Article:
William C. Cummings
Oceanogr. Consultants, 5948 Eton Ct., San Diego, CA 92122
Paul O. Thompson
San Diego, CA 92103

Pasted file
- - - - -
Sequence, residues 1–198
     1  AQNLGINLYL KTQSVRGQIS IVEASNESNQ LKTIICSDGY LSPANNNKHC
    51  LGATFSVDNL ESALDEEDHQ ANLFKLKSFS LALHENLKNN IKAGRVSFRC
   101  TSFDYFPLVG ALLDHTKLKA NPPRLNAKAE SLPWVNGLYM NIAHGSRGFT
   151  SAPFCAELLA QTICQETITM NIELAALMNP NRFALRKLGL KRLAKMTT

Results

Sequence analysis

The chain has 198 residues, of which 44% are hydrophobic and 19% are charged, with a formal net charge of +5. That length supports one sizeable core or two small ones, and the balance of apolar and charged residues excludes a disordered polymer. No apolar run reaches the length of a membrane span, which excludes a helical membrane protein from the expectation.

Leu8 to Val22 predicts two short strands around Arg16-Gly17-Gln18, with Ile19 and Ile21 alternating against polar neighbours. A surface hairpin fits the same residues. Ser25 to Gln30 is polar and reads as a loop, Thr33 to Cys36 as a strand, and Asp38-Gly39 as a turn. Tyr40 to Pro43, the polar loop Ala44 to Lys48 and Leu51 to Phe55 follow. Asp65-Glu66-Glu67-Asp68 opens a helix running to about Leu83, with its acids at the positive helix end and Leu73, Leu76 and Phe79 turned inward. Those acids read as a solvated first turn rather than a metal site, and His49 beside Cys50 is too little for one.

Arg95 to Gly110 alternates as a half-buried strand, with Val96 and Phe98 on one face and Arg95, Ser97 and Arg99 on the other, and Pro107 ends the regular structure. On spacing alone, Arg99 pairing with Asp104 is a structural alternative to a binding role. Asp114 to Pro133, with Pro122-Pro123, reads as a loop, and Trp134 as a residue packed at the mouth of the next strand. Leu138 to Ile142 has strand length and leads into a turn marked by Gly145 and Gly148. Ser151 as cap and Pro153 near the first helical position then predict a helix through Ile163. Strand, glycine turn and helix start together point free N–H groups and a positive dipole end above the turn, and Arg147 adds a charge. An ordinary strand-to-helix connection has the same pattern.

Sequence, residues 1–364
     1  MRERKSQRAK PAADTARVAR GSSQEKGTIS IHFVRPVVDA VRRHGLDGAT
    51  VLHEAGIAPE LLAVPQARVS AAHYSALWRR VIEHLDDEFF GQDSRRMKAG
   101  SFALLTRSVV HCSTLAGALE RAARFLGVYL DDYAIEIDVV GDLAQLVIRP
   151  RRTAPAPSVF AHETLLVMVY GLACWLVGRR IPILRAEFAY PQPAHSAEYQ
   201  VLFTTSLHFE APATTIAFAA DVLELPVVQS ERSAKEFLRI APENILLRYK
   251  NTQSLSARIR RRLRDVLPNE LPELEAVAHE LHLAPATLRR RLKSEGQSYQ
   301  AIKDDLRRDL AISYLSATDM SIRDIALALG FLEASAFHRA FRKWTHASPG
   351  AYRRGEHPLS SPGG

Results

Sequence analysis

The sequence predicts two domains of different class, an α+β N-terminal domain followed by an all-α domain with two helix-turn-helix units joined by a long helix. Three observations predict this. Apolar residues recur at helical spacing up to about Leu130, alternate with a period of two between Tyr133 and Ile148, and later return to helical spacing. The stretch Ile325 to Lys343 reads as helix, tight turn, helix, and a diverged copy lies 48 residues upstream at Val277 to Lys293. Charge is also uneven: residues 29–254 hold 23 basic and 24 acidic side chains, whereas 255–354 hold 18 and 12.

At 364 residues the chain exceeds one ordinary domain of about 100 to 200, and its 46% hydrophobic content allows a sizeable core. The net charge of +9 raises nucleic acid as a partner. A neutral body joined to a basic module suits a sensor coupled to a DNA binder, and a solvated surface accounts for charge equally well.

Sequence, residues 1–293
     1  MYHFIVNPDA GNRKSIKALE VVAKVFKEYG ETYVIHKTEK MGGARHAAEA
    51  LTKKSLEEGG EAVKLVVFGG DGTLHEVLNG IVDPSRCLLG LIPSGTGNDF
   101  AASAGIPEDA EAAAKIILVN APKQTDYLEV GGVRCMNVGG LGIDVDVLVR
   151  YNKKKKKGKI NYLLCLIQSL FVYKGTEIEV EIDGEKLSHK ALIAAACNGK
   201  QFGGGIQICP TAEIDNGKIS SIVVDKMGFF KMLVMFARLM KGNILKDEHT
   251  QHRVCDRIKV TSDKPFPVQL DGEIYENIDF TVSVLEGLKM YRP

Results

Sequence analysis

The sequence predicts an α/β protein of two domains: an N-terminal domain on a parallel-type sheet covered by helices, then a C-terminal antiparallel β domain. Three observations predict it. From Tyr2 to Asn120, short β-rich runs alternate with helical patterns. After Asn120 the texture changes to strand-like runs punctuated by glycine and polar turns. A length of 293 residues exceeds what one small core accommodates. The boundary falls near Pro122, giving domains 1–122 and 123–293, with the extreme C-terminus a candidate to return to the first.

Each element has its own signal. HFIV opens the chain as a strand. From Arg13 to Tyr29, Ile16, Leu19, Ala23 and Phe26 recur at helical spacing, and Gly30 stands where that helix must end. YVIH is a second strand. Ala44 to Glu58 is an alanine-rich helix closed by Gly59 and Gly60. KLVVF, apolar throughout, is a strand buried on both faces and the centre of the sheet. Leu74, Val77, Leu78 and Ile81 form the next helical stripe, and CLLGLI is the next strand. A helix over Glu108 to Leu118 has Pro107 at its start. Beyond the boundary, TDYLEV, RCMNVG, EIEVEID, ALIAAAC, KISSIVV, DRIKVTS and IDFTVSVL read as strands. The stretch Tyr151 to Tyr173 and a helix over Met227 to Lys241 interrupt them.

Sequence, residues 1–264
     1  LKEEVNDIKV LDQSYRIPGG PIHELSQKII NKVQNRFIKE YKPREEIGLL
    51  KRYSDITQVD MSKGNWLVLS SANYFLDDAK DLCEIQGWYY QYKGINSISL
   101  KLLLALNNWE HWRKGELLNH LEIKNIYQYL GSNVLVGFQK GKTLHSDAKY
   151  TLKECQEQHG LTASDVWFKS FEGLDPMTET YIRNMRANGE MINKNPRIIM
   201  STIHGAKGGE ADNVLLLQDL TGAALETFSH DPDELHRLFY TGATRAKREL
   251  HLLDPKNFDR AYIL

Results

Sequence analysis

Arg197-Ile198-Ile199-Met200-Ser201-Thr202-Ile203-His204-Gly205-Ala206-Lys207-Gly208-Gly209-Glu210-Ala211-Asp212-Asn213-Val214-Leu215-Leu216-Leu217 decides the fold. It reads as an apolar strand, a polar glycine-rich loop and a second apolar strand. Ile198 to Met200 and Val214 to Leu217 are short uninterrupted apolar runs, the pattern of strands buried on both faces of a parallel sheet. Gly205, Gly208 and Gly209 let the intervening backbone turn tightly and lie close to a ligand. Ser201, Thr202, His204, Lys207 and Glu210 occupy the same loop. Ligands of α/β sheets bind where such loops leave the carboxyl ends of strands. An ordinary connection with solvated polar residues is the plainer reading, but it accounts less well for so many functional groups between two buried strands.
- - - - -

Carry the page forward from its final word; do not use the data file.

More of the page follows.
Blue whale sounds were doublets, each member lasting about 19 s. ``A'' sounds mostly occurred at 19.7 Hz; ``B'' at 22.2 with a short tail at 19.8. A few individual whales appeared to call for hours or perhaps days within hydrophone range with a constant background din of like signals. Sounds occurred in June--December, peaking as a high-level chorus in September--October and increasing ambient noise up to 20 dB. Interseasonal occurrence patterns at the same stations were remarkably similar. There was no clear evidence of longitudinal migration in the broad area, Mexico--Canada. These sounds, compared with subsequent blue whale recordings elsewhere, strongly suggest a dialect. Finback sounds mostly were doublets, each lasting about 1 s. The first member shifted downward (25.5--15.6 Hz) as did the second (34.6--17.5 Hz). Intervals between signals of a series varied from 9--21 s. Finback sounds were rare in summer, but numerous in the form of winter and spring choruses after nearly all blue whale sounds ceased. Localizations showed that the finbacks swam about 6 kn, and they had a source level of 183 dB re: 1 (mu)Pa, 1 m. Assuming even rough correlation between numbers of whales and sounds, SOSUS was able to reveal the seasonal occurrence and abundance of blue and finback whales over the entire western U.S. coastal region.